Demystifying Triangle Inequality
This is the first part of the Triangle Inequality Series.
Given three segments, how are we sure that they will form a triangle?
Will the segments with lengths 3, 4, and 8 units form a triangle? What about 3, 5, and 8?
What conditions with respect to segment lengths must be satisfied, so that three segments form a triangle?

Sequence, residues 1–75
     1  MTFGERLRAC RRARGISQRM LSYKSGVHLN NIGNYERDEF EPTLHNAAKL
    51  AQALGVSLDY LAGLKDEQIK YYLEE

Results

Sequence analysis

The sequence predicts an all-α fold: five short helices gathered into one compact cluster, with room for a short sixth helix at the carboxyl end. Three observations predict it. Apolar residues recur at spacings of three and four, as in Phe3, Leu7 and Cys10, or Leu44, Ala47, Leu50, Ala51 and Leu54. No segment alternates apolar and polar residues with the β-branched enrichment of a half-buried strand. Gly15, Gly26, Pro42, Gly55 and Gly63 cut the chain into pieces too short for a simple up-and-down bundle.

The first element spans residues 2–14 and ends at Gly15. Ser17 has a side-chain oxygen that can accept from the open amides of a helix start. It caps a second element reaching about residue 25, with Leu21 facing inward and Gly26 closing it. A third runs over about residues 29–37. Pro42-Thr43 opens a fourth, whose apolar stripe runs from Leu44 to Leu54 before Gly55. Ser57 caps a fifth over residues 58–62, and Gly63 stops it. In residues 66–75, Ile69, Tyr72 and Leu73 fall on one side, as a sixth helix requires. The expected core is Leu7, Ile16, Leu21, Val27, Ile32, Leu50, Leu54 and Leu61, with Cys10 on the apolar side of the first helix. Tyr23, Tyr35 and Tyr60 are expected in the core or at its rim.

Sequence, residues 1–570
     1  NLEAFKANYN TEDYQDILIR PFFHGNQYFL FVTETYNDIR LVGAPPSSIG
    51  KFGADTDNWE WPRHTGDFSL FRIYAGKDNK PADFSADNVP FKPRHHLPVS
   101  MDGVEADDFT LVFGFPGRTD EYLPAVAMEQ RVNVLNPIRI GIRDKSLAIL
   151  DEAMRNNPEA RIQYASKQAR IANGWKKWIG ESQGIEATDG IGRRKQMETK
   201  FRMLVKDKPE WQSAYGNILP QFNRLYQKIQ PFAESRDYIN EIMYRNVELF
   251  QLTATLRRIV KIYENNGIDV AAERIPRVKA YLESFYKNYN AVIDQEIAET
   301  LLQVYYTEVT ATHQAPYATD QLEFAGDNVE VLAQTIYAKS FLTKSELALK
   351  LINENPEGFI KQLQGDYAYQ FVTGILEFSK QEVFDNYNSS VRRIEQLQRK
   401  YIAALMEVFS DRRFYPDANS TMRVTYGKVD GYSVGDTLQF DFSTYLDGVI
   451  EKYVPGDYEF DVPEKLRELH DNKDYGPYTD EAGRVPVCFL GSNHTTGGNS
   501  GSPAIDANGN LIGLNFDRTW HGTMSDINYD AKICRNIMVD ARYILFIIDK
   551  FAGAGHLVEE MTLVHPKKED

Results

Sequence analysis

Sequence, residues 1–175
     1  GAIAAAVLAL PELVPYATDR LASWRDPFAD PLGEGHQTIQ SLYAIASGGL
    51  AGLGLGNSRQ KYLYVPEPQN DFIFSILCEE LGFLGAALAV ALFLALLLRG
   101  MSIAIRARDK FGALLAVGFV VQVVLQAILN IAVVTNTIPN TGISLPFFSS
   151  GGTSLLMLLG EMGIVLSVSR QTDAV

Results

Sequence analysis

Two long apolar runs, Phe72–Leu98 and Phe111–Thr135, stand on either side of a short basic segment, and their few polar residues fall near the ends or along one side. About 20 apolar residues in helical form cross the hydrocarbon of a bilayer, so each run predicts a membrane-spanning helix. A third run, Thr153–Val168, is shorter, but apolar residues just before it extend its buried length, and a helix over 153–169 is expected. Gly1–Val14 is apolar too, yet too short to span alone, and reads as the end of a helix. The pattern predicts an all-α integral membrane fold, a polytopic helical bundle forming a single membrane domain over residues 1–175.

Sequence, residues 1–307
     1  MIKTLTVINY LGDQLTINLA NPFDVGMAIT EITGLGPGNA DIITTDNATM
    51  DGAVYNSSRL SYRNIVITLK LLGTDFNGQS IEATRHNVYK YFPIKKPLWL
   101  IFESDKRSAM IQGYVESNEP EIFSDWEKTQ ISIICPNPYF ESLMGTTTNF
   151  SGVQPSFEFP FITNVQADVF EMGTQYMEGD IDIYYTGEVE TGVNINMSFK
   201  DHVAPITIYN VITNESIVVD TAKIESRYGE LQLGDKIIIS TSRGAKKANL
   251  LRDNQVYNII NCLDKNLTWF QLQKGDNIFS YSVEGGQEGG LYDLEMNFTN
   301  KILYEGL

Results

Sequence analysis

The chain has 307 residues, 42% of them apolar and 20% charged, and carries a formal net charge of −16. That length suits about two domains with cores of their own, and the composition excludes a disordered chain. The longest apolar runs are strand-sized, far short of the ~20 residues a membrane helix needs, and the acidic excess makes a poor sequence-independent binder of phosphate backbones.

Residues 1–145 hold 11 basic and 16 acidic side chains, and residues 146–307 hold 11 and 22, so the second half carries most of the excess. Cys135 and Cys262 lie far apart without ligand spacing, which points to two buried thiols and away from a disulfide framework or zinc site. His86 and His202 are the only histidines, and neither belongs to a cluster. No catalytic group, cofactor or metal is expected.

Shown below are the segments with lengths 3, 4 and 8 units. In the following illustrations, squares are used to clearly indicate the segments’ lengths. Each square has side 1 unit. As we can see, we cannot form a triangle if the sum of the lengths of the two sides is less than the third side.
Let us now examine a triangle with side lengths 3, 5, and 8 units. Referring to Figure 2, the sides will only be coinciding and will never meet when rotated outward as shown. » Read more